Recruitment by examination flourished after 1384 in the Ming dynasty. Provincial graduates were sometimes appointed to low-ranking offices or entered the Guozijian for further training, after which they might be considered for better appointments. Before appointment to office, metropolitan graduates were assigned to observe the functions of an office for up to one year. The maximum tenure for an office was nine years, but triennial evaluations were also taken, at which point an official could be reassigned. Magistrates of counties submitted monthly evaluation reports to their prefects and the prefects submitted annual evaluations to provincial authorities. Every third year, provincial authorities submitted evaluations to the central government, at which point an "outer evaluation" was conducted, requiring local administration to send representatives to attend a grand audience at the capital. Officials at the capital conducted an evaluation every six years. Capital officials of rank 4 and above were exempted from regular evaluations. Irregular evaluations were conducted by censorial officials.[60]

Gaitu guiliu

The Ming dynasty continued the Yuan tusi chiefdom system. The Ming tusi were categorized into civil and military ranks.[61] The civilian tusi were given the titles of Tu Zhifu ("native prefecture"), Tu Zhizhou ("native department") and Tu Zhixian ("native county") according to the size and population of their domains. Nominally, they had the same rank as their counterparts in the regular administration system[61] The central government gave more autonomy to those military tusi who controlled areas with fewer Han Chinese people and had underdeveloped infrastructure. They pledged loyalty to the Ming emperor but had almost unfettered power within their domains.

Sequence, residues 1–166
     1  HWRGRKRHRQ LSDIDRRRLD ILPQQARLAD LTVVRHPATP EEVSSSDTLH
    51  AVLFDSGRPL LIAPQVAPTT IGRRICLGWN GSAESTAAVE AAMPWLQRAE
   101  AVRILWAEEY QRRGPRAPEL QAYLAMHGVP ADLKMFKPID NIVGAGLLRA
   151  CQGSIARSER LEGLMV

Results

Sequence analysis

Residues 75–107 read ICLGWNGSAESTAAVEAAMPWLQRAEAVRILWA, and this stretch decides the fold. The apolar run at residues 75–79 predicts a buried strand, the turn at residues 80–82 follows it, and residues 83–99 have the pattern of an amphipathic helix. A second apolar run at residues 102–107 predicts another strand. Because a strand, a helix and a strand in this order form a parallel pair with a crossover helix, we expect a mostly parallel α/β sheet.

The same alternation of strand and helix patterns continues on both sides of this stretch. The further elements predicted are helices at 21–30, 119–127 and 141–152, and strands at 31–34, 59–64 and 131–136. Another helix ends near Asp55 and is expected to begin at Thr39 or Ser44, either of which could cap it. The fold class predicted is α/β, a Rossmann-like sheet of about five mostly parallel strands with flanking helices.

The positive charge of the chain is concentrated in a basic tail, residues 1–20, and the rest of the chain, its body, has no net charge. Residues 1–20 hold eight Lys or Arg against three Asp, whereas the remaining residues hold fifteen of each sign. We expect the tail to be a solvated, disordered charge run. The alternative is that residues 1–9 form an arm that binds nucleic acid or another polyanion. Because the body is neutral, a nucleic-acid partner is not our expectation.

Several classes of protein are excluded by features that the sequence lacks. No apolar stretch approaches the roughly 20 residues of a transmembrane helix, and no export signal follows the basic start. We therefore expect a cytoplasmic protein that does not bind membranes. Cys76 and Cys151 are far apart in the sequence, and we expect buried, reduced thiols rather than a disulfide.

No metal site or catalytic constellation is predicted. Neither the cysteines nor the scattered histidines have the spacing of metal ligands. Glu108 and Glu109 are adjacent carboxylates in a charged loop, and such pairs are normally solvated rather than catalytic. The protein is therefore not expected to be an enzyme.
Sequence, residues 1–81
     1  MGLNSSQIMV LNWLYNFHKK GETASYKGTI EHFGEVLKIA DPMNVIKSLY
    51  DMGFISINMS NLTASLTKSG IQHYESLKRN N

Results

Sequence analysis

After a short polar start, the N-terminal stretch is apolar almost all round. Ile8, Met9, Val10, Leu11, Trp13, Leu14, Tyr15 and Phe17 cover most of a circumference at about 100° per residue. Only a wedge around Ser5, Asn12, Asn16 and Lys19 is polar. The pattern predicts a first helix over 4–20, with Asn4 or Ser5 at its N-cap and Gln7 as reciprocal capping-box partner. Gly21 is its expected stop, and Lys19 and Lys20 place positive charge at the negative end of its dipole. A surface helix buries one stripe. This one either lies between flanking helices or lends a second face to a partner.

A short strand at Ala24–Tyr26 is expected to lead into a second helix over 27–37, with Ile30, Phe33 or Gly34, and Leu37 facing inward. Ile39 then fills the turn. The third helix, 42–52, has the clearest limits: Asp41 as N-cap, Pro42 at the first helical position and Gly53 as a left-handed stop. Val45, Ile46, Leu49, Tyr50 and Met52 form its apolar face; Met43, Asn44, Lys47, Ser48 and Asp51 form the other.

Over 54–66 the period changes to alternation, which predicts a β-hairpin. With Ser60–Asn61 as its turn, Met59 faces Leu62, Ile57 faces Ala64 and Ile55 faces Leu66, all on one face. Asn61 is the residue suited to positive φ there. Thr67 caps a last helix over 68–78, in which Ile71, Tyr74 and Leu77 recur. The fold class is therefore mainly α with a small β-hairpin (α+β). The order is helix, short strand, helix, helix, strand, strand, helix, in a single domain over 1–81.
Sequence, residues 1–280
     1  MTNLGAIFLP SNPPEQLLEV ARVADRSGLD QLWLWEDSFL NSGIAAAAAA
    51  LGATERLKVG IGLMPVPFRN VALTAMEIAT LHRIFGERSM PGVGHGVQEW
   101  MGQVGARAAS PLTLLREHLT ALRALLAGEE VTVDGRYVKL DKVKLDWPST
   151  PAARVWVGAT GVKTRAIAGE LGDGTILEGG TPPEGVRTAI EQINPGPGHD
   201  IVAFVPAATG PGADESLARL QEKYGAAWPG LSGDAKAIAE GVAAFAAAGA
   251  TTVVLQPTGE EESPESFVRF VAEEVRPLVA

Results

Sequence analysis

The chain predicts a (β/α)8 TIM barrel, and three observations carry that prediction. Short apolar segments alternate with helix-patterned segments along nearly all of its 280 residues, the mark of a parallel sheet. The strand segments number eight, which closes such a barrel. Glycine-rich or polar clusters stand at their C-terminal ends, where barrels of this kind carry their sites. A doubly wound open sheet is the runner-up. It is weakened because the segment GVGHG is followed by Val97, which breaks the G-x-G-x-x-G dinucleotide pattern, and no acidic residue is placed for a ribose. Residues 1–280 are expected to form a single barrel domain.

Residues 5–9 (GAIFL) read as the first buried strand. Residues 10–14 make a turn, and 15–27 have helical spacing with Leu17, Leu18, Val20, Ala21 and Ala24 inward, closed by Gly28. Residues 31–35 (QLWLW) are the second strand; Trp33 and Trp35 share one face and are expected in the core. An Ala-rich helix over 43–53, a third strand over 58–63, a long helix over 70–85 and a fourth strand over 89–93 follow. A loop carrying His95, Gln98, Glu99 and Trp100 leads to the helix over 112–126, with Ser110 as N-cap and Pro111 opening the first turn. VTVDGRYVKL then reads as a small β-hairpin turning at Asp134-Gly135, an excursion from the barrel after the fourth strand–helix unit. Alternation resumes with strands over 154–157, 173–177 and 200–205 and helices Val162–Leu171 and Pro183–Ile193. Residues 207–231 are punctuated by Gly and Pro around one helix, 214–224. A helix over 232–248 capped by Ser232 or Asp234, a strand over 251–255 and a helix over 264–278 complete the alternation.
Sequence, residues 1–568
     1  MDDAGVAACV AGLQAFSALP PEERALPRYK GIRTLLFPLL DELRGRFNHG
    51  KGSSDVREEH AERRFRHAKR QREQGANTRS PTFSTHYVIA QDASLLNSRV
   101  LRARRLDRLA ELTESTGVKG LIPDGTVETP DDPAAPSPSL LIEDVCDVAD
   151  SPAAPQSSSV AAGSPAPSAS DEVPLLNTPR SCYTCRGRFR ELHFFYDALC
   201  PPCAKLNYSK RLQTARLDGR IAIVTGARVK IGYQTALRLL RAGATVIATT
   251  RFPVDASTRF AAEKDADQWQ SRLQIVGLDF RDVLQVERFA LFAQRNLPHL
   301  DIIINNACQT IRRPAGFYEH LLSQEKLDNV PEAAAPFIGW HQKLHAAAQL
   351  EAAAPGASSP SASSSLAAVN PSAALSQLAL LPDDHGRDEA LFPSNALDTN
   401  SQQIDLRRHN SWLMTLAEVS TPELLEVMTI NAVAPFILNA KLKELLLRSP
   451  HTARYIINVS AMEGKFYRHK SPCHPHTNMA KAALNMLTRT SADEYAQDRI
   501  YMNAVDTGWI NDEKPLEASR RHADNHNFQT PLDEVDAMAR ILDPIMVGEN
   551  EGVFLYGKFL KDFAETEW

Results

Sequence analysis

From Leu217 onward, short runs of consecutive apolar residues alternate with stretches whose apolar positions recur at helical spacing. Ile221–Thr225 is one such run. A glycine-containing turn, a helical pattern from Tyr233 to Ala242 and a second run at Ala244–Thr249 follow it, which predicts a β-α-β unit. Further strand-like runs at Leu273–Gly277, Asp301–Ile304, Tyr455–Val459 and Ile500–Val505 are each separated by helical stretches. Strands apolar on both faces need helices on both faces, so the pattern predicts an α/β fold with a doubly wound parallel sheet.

All the native chieftains were nominally subordinate to Pacification Commissioners (Xuanfushi, Xuanweishi, Anfushi). The Pacification Commissioners were also native chieftains who received their title from the Ming court. As a way of checking their power, Pacification Commissioners were put under the supervision of the Ministry of War.[62]

Throughout its 276-year history, the Ming dynasty bestowed a total of 1608 tusi titles, 960 of which were military-rank and 648 were civilian-rank,[63] the majority of which were in Yunnan, Guizhou and Sichuan. In Tibet, Qinghai and Sichuan, the Ming court sometimes gave both tusi titles and religious titles to leaders. As a result, those tusi had double identities. They played both the role of political leaders and religious leaders within their domains. For example, during the reign of the Yongle Emperor, the leader of the Jinchuan monastery assisted the Ming army in a battle against the Mongols. The leader was later given the title Yanhua Chanshi (演化禅师), or "Evolved Chan Master", and the power to rule 15 villages as his domain as a reward.[64]

Under Ming administration, the jurisdictional authority of tusi began to be replaced with state territorial authority. The tusi acted as stop gaps until enough Chinese settlers arrived for a "tipping point" to be reached, and they were then converted into official prefectures and counties to be fully annexed into the central bureaucratic system of the Ming dynasty. This process was known as gaitu guiliu (simplified Chinese: 改土归流; traditional Chinese: 改土歸流), or "turning native rule into regular administration".[53] The most notable example of this was the consolidation of southwestern tusi chiefdoms into the province of Guizhou in 1413.[53]